Var POST = '';
Req. on ('data', function (chunk) {POST + = chunk ;});
Req. on ('end', function (){
// Execute the back-end logic code
Server. listen (config. port );
Console. log ("Server runing at port:" + config. port + ".");
Http. the callback function of createServer is what needs to be done after the server is created. The http mechanism is that there is always only one thread and various req events are monitored. For example, a data event is receiving data, the end event indicates that the data of the current request has been received. Of course, the data here refers to POST data, and something like header exists directly in the req variable (you can try the console. log (req) to output the req variable to the terminal ). Then we can output data through some methods provided by res.

The next question is how to connect to the database. Node. js does not come with this plug-in, so we must manually install it:

Npm install -- save mysql
Option -- save indicates to add this library to package. json, so that people who get the code can directly execute npm install to install all dependencies. Mysql is used like this:

Var mysql = require ('mysql ');
// Config is the above config
Var pool = mysql. createPool (config. db );
Pool. getConnection (function (err, conn ){
If (err) throw err;
// You can use conn to do some things.
The last problem to be solved is how to execute the git command of the command line. This Node. js also comes:

Var exec = require('child_process'cmd.exe c;
Exec (performance_str, function (err, stdout, stderr ){
Var status = err? -1: 1,
Performance_result = err? Stderr: stdout;
// Error information, standard output, and standard error output can be obtained. Continue to process the error.
All technical issues have been cleared up, so you can start thinking!

First, I analyzed the data transmitted by the Coding Webhook. First, it must be a JSON string. Second, if the zen attribute exists, it is a test request. If The commits attribute exists, it is a normal request. According to the JSON string format, you can obtain the required data and insert it into the database:

Data = (POST = '')? {}: JSON. parse (POST );
If (data. commits ){
// Obtain data
Var project_name = data. repository. name,
Trigger_user = data. user. global_key,
Commit_user = data. commits [0]. committer. name,
Commit_user_email = data. commits [0]. committer. email,
Commit_message = data. commits [0]. short_message;
If (! Config. projects [project_name]) {
// Database query
Conn. query ('Insert INTO 'log' ('Project _ name', 'triggers _ user', 'commit _ user', 'commit _ user_email ', 'commit _ message ') VALUES (?, ?, ?, ?, ?) ',
[Project_name, trigger_user, commit_user, commit_user_email, commit_message],
Function (err, results ){
If (err) throw err;
// Concatenate the git command string
Var cmd_str = 'CD' + config. projects [project_name]. path + '/' + project_name + '& git pull origin master ',
Log_id = results. insertId;
// Execute the command
Exec (performance_str, function (err, stdout, stderr ){
Var status = err? -1: 1,
Performance_result = err? Stderr: stdout;
// Update the database
Conn. query ('update' log 'set 'status' = ?, Performance_result =? WHERE 'log _ id' =? ', [Status, cmd_result, log_id], function (err, results ){
// End the write operation on the returned data
Res. end ();
JSON. parse is a JavaScript method that converts a JSON string to a JSON object. We only need to set the Webhook address on the Coding to http: // ip: 9091/or port forwarding through Nginx or other programs, so we can see the effect of Webhook!

Most of the code is quite understandable, that is, res. end is a bit awkward. For most languages, after the execution is complete, it will automatically stop writing data to the Response body, and can notify the browser that "I have finished writing, you don't have to wait", but Node. js http does not work. You must manually add this sentence. If it is not added, the browser will wait. In fact, some Node. js frameworks such as Express allow you to focus on backend logic without worrying about these details.

I noticed that query-> exec-> query has three layers of callback. This is a big pitfall of JavaScript. Of course we can change it to Promise, but it doesn't actually change much, but it just makes you more comfortable to write. How to use asynchronous thinking to write programs is also a very interesting issue, but it is also a headache. There are many solutions to avoid falling into the trap of callback functions, but this project in this article is very small, so it is not necessary.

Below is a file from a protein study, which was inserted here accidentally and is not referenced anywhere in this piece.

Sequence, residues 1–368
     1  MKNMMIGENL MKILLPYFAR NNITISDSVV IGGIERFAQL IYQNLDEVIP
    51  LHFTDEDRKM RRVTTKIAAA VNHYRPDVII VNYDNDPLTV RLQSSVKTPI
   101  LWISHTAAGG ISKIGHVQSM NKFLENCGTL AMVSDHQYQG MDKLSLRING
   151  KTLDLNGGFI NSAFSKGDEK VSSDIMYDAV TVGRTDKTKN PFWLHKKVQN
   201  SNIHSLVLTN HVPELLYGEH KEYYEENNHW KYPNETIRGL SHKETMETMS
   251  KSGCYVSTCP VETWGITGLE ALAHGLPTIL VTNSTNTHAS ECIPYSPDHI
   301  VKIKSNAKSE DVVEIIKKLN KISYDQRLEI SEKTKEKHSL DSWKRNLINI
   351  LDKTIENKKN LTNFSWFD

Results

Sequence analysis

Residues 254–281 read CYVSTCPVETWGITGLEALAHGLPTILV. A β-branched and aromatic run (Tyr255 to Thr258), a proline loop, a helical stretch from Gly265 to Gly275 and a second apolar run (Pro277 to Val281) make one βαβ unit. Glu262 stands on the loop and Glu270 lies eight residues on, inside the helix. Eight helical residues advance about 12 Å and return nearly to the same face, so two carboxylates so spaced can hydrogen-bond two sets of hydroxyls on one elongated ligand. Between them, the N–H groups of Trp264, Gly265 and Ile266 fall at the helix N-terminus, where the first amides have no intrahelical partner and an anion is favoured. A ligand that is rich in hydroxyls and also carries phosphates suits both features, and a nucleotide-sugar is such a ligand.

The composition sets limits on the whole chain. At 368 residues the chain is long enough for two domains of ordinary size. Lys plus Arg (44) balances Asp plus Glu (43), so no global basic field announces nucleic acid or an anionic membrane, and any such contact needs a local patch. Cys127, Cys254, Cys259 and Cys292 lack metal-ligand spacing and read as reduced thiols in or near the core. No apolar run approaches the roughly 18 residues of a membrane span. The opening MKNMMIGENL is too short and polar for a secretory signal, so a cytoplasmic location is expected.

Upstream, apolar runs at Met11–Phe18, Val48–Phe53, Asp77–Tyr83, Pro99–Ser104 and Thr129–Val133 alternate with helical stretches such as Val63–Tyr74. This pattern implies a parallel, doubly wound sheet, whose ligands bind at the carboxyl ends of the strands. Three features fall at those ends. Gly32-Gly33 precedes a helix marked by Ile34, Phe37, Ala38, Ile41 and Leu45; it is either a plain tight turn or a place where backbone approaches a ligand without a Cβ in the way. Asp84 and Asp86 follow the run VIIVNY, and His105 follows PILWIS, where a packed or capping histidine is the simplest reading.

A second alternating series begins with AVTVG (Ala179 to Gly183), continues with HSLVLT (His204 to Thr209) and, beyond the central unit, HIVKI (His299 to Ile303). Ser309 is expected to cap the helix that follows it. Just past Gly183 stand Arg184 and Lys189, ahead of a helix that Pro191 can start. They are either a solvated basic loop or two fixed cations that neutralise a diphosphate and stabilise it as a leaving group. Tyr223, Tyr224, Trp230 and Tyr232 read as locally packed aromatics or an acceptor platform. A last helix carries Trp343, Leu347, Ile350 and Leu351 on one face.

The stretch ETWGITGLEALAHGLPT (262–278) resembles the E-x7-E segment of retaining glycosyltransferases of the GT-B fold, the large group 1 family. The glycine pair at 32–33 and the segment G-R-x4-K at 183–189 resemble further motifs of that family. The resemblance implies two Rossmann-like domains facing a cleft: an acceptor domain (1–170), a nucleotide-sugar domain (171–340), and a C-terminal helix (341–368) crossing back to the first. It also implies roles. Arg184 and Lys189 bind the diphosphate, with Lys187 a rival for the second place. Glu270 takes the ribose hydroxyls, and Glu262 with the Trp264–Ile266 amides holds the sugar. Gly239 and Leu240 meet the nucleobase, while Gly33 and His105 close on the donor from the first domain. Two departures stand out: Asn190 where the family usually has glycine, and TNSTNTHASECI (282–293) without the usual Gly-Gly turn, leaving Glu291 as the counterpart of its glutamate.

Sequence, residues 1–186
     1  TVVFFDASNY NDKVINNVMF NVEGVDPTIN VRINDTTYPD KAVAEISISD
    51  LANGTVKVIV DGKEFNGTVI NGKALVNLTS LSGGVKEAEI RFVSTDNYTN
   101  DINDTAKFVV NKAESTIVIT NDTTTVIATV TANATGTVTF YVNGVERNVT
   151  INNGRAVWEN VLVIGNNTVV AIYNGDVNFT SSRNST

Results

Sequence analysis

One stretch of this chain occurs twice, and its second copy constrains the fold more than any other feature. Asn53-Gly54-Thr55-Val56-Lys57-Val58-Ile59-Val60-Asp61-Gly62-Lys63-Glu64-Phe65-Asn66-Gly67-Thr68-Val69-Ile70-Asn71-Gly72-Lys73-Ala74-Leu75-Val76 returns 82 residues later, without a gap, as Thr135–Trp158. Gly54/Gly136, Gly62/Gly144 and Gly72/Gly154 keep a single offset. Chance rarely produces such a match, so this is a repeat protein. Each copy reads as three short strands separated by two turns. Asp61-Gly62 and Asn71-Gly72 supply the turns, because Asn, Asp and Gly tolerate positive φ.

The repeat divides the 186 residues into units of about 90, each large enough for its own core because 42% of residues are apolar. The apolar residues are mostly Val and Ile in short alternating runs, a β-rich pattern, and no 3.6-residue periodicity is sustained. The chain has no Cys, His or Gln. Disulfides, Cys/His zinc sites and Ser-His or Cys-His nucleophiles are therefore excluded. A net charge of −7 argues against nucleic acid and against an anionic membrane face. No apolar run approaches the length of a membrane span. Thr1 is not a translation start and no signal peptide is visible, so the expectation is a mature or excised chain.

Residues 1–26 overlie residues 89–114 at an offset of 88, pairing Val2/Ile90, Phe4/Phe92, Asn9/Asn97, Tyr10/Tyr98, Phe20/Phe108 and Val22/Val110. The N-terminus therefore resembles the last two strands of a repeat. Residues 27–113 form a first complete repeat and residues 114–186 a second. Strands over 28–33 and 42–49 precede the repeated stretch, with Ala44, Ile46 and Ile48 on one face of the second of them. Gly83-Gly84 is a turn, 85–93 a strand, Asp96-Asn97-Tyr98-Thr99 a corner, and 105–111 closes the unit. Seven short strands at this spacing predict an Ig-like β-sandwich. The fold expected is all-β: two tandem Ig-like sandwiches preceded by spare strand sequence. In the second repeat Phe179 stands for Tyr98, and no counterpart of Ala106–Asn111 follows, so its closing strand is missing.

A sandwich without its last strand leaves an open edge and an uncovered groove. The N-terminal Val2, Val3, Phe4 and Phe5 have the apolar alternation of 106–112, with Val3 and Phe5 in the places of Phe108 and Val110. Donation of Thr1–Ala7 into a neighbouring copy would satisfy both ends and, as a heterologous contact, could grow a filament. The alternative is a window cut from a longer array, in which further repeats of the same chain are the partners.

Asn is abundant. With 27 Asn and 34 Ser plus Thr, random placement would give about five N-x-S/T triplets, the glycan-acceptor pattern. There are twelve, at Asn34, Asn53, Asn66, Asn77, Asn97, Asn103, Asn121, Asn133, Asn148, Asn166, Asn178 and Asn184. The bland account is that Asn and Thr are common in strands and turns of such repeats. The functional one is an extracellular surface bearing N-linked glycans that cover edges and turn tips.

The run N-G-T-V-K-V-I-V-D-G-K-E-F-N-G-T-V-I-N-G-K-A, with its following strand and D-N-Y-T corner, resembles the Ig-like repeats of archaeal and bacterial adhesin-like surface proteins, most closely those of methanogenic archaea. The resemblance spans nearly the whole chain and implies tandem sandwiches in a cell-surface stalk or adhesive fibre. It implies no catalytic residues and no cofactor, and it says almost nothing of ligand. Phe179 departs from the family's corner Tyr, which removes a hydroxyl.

In fact, this function is enough for a Webhook, but I want to do something else: directly display the log on the web page, or display all the projects that have already been added to the Webhook. We can write the if statement of the previous code:

Else {
// Process various GET requests or POST requests with empty body
Res. writeHeader (200, {'content-type': 'application/json '});
// Try to determine the request type through URL
Var match = '';
// Display log
If (req. url = '/log '){
Conn. query ('select * FROM 'log' order by 'log _ id' desc limit 30', [], function (err, results ){
If (err) throw err;
Res. write (JSON. stringify (results ));
Res. end ();
// Display all project information added to Webhook
Else if (req. url = '/Project '){
Res. write (JSON. stringify (config. projects ));
Res. end ();
// Manually pull/clone a project
Else if (match = req. url. match (// (pull | clone) \/(. +)/I )){
If (! Config. projects [match [2]) {
Res. end ();
Conn. query ('Insert INTO 'log' ('Project _ name') VALUES (?) ', [Match [2], function (err, results ){
If (err) throw err;
Var comment _str = '';
If (match [1] = 'Clone '){
Pai_str = 'CD' + config. projects [match [2]. path + '& git clone' + config. projects [match [2]. url;
Else if (match [1] = 'pull '){
Pai_str = 'CD' + config. projects [match [2]. path + '/' + match [2] + '& git pull origin master ';
Var log_id = results. insertId;
Exec (performance_str, function (err, stdout, stderr ){
Var status = err? -1: 1,
Performance_result = err? Stderr: stdout;
Conn. query ('update' log 'set 'status' = ?, Performance_result =? WHERE 'log _ id' =? ', [Status, cmd_result, log_id], function (err, results ){});
Res. end ();
Output the header through res. writeHeader and output a piece of text through res. write. JSON. stringify is a built-in JavaScript method that converts a JSON object to a string. Because it is manually triggered (Manual), only the project name can be obtained, and the submission information cannot be displayed (although it can be obtained through the git command, it is troublesome ), the preceding automatic trigger is a Coding request, which contains the complete information.

At last, I used the supervisor to guard the Node. js process and used Nginx for port forwarding. Of course these are not covered in this article.

Let's take a look at the effect. push it in a project, or manually execute pull/clone, and then check the log on the server. For convenience, I wrote a page, requested logs in AJAX form, and then displayed the data in a table. Previous screenshot